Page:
This is the third complete science fiction novel I’ve enjoyed listening to on Audible, included as part of Amazon Prime. I own the book, but hadn’t read it since it came out in the 1970s, also true of many other Larry Niven books. I’d forgotten how much I enjoy his writing.
The Ringworld concept is a huge one, and a fascinating idea: an artificial world in the shape of a ring orbiting a star. The ring is so huge that if the surface of our own world were made flat, many thousands (perhaps millions?) of them could fit on the surface. It rotates enough to provide gravity, and there are very high walls on the edges to contain atmosphere. Four explorers crash-land on the surface, their ship shot down by automatic anti-meteorite weapons, and most of the book involves them trying to find a way to repair their ship and get it to the edge of the ring so they can escape Ringworld.
Two are from Earth. Louis Wu is a man just celebrating his 200th birthday, but in fine physical shape due to longevity drugs. He’s done and seen it all on Earth, and in Niven’s “known space,” comprising a number of inhabited worlds and competing civilizations. The very dangerous expedition to Ringworld appeals to him as something new and different. Teela Brown, a beautiful young woman, has been chosen in an unlikely way by the leader of the group not because she and Louis are having an affair, but something more scientific (at least in this book). She is extremely lucky. The other two members are non-human. Speaker-to-Animals is a Kzin, a tiger-like humanoid whose warlike race has fought and been defeated by humans and others, and is now learning the ways of civilized diplomacy. Speaker is the ambassador of the Kzin on Earth. Finally, the leader of the group, at least initially, is Nessus, a non-humanoid of the species Pierson’s Puppeteer. He has two heads, and other unusual anatomy, and his overriding personality trait, like all his species, is cowardice. The fact that he is even willing to go on this dangerous expedition suggests he may be insane by Puppeteer standards.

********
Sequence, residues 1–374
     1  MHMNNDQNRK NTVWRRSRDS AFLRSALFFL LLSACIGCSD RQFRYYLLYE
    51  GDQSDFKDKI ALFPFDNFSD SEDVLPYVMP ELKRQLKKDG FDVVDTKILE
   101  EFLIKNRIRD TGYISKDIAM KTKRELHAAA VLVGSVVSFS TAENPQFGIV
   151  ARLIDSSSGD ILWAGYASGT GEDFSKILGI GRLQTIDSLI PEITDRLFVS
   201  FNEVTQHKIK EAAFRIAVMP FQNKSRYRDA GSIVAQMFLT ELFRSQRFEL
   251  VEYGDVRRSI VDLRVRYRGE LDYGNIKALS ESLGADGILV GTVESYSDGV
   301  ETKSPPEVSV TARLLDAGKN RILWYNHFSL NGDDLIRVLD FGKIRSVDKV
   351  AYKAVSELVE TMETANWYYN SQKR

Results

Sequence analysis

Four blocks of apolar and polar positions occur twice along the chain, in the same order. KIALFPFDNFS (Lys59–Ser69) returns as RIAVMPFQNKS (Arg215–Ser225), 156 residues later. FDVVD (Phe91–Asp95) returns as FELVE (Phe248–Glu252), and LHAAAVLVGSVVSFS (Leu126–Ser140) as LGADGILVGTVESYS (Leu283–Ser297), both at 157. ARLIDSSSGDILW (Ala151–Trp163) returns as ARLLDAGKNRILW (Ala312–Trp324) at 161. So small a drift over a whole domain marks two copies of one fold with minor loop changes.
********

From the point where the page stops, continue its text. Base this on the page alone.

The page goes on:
There’s plenty more plot leading up to the launch of the spacecraft “Lying Bastard” from the Puppeteer homeworld to Ringworld, which they have discovered, giving plenty of time for the reader (or listener) to get to know the characters and for them to learn about each other, all on a fascinating idea-filled backdrop of Niven’s “known space,” but once they arrive on Ringworld itself, the plot becomes one of exploration of unknown wonders, survival of unexpected dangers, and communication with the few other intelligent beings with some knowledge of Ringworld they can find. Most of the place has reverted to very primitive societies who understand little or nothing about where they live, and who worship the unseen Ringworld engineers as gods.
It’s a big book full of big ideas, entertaining characters, and exciting adventures. I have to find time to reread more of the Ringworld books now. Highly recommended.